No matter what your background there is a job waiting for you with one of the world's countless airlines and airports. So what kinds of people work in the aviation industry?
No matter what your background, there's probably a job waiting for you with one of the world's countless airlines and airports. What kinds of people work in the air industry?
Airlines and airports are great sources of jobs for those who have graduated from high school and who are interested in a travel career. Every year, new employees by the thousands are hired to be flight attendants, cargo handlers, customer service representatives, reservation agents, security guards, mechanics, and many other job titles. Responsibilities range from complex tasks requiring certification such as flying aircraft and taking apart a plane's engine to entry-level work like customer service, baggage handling, or ticket agent jobs.
Of course, you don't have to be fresh out of school to work for an airline or airport. Many airlines and airports nowadays are looking beyond the fresh-scrubbed faces to those with more maturity.
Those just breaking into the industry might be workers with experience in other facets of the travel and tourism industry, those with customer service experience in other industries, or those simply looking for a way to travel and meet new people as part of their jobs.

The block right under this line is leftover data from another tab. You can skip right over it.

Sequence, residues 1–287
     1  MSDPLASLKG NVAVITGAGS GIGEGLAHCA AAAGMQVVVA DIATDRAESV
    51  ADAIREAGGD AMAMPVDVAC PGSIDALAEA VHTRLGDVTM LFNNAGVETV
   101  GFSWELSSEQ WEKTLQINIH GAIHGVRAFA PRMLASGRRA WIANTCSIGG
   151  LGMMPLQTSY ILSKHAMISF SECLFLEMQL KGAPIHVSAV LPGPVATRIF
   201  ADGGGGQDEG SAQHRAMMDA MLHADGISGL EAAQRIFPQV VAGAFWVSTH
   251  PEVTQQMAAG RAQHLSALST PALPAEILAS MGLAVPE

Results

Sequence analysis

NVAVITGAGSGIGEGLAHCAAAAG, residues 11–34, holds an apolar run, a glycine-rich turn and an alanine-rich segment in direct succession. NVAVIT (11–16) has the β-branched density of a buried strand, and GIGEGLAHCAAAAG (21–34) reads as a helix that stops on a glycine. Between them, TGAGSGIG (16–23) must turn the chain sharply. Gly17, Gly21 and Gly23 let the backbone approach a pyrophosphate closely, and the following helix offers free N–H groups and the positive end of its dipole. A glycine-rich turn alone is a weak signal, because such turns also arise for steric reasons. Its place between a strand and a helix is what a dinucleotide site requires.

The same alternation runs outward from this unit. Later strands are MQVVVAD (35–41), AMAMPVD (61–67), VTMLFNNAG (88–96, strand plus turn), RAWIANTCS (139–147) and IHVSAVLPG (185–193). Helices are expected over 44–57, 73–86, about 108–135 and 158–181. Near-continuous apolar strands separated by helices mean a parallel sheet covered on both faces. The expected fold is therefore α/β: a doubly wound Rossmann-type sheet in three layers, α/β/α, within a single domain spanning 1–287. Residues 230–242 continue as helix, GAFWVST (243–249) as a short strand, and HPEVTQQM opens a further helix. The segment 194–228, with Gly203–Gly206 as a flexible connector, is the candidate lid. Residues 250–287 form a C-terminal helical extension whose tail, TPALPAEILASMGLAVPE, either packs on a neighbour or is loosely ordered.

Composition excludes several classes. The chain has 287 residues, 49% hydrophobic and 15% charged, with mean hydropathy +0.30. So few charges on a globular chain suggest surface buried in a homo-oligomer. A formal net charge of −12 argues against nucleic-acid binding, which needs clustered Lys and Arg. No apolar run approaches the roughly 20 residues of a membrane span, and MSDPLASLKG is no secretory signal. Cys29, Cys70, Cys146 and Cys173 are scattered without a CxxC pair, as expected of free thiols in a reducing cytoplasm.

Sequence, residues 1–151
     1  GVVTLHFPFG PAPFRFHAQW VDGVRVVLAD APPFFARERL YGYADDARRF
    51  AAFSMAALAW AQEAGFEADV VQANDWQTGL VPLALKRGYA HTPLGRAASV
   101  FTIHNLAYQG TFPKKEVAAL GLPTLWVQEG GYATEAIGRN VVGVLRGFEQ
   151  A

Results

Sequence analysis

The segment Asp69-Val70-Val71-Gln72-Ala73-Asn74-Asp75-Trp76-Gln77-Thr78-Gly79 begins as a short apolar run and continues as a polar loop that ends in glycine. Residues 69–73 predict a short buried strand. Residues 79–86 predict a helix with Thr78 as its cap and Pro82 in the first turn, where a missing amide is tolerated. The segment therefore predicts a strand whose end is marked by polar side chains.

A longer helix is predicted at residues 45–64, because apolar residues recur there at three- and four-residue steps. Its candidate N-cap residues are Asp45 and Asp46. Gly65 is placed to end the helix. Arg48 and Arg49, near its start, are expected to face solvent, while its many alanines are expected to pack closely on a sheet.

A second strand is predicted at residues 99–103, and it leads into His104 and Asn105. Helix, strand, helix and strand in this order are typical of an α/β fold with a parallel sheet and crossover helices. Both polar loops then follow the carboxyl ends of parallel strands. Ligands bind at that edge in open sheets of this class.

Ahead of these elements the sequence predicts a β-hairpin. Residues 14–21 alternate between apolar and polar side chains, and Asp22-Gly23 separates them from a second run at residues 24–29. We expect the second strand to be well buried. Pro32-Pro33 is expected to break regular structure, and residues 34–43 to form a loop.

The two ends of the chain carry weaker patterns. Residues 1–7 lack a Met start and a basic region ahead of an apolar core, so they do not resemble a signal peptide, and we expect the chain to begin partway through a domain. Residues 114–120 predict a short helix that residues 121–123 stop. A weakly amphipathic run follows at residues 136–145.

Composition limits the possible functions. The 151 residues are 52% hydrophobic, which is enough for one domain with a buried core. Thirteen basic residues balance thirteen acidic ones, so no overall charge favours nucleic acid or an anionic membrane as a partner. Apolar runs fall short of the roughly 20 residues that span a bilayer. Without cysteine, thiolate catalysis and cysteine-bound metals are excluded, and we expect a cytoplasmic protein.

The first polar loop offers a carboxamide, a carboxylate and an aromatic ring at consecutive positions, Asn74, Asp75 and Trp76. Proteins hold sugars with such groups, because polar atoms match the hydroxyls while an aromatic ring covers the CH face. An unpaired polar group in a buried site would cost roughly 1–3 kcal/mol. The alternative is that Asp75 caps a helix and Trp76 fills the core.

Some airlines and airports hire seasonal or temporary employees to help out during the busy summer and holiday seasons. These employees commonly ramp agents and baggage handlers usually are not unionized and in most cases do not earn travel benefits, and their pay is typically lower than permanent employees. This is a good source of jobs for college students or others looking for short-term positions. Contact airlines or airport authorities individually to find out whether they hire seasonal employees.
A significant portion of airline and airport employees is made up of career professionals with special expertise or experience in air-related services. These include airport managers, flight instructors, airframe and powerplant mechanics, pilots, airport managers, station agents, and air traffic controllers most of them career-track employees with college degrees or specialized training. Many started their air careers as students, apprentices, or entry-level workers straight out of college.